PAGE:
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Thursday, June 21, 2018

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Frito-Lay settles FCRA background check notification suit
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Frito-Lay settles FCRA background check notification suit

Frito-Lay Inc. has agreed to pay a $2.4 million settlement in a class action lawsuit that claims the company took adverse action against job applicants and employees by using consumer reports for background checks without providing the requisite notice under the law.

According to the lawsuit, Frito-Lay - a subsidiary of PepsiCo -  violated the federal Fair Credit Reporting Act (FCRA), the Investigative Consumer Reporting Agencies Act (ICRAA) and the California Consumer Credit Reporting Agencies Act (CCRAA) in failing to supply proper disclosure forms for its employment screenings.

Originally filed in January 2017, the suit claims that the snack food manufacturer routinely acquired investigative consumer reports when conducting background checks of job applicants and current employees. Per FCRA regulations, Frito-Lay should have provided candidates and employees with a stand-alone disclosure form.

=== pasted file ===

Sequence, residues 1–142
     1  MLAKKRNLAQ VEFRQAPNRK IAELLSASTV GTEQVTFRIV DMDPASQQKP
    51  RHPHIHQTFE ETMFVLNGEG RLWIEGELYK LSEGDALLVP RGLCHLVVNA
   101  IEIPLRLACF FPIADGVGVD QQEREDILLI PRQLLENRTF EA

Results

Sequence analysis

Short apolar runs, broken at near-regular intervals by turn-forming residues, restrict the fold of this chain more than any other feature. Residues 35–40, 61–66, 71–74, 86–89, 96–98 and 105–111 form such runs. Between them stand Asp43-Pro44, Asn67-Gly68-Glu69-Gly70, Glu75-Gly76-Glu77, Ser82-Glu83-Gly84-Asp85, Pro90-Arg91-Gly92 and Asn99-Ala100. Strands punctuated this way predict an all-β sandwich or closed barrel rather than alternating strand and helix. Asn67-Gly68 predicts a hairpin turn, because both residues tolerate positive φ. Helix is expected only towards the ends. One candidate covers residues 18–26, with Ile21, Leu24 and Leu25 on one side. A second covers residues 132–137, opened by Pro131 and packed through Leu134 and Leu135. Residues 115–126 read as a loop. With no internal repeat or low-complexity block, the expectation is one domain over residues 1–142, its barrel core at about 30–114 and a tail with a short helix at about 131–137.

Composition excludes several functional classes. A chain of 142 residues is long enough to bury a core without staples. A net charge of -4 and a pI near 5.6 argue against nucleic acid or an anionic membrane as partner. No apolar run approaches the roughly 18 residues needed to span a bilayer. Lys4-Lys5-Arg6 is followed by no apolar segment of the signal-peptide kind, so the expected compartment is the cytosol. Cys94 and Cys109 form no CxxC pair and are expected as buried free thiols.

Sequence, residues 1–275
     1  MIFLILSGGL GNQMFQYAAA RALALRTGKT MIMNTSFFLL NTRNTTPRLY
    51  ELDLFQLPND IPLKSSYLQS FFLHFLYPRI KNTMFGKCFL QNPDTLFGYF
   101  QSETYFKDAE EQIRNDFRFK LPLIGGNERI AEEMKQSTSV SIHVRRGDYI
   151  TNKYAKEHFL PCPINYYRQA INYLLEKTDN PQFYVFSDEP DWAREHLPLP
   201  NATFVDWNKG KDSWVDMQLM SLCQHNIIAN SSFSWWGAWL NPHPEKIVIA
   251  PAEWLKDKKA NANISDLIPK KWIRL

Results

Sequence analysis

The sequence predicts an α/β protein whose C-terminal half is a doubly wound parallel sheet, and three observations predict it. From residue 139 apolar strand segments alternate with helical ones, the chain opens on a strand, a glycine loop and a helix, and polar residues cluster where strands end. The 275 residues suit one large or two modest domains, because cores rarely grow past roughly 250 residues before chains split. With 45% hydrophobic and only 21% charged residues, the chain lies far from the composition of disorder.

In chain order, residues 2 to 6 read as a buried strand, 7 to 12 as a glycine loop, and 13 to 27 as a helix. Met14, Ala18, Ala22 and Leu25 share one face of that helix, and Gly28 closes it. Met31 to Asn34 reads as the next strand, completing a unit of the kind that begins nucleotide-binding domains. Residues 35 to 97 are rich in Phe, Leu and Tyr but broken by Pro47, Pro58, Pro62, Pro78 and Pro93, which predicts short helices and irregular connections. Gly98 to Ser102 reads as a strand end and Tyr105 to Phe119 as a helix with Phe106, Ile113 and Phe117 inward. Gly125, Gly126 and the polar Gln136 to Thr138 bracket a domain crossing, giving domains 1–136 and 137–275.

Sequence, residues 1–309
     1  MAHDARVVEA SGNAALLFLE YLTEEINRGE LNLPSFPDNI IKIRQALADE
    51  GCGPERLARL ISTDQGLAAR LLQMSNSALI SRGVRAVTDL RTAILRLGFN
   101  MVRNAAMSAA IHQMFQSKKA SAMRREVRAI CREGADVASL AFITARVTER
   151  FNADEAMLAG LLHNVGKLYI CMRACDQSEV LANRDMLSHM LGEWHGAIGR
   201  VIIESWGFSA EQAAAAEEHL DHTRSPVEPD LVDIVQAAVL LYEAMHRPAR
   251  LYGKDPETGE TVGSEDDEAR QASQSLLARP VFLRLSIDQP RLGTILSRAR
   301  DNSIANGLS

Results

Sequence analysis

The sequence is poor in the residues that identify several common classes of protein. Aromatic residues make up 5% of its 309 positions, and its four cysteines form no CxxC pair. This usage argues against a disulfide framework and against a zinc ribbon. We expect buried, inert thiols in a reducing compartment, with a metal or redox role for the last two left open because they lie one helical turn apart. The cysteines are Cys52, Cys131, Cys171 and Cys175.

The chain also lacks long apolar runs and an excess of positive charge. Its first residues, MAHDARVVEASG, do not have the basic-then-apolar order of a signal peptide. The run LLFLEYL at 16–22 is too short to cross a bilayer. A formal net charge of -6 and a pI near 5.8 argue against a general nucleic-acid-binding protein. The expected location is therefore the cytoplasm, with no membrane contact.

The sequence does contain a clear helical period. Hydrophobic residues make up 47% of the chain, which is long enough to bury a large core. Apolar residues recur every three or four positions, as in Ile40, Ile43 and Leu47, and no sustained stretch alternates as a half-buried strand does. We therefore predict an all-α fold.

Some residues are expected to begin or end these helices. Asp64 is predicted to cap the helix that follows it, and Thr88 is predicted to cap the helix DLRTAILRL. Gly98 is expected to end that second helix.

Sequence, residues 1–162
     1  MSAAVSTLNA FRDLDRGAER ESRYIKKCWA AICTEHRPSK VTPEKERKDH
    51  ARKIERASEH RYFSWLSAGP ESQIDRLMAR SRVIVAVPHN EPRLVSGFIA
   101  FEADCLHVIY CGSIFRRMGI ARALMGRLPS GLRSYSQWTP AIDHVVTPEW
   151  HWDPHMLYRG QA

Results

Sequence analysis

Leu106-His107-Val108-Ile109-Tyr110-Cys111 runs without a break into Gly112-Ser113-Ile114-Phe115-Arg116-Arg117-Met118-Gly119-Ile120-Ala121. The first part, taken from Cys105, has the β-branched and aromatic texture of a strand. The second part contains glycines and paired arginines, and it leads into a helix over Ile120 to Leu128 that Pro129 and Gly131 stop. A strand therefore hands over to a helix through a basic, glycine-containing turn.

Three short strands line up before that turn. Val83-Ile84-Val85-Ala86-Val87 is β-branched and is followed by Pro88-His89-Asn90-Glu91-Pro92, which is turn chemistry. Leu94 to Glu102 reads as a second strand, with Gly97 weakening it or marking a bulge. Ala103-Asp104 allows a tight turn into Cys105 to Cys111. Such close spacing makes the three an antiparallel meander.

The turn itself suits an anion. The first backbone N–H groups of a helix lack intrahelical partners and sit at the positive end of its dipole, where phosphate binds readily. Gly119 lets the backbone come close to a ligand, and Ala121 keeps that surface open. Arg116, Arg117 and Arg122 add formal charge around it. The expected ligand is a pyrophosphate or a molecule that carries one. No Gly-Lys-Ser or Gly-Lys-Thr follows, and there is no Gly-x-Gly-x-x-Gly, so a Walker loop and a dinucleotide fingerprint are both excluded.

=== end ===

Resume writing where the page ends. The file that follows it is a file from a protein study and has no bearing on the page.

But the plaintiff said that instead of adhering to FCRA-mandated rules, the company included the disclosure in a general document containing extraneous information. As stated in the suit, this document contained the disclosure as well as an assurance that the plaintiff's responses to the requested information was correct.

Allegedly, the document contained the line, “I have been given a stand-alone, consumer notification that a report will be requested and used for the purpose of evaluating me for employment or retention as an employee.” However, the plaintiff said this statement was false, and improperly included in the general document.

In addition, the suit argued that the statement did not properly provide applicants and employees with a true disclosure of the company's use of consumer reports in employment checks. According to the plaintiff, the current statement “is intended to have the same end result as a liability release; Frito-Lay will escape liability because of a document signed by the applicant.”

The FCRA prohibits employers from running background checks for employment purposes without providing a “clear and conspicuous disclosure… in a document that consists solely of the disclosure," according to FCRA section 1681b.

Further, a plaintiff may be entitled to damages if a defendant willfully violates the FCRA: "Any person who willfully fails to comply with any requirement imposed under this subchapter with respect to any consumer is liable to that consumer in an amount equal to the sum of… damages of not less than $100 and not more than $1,000."

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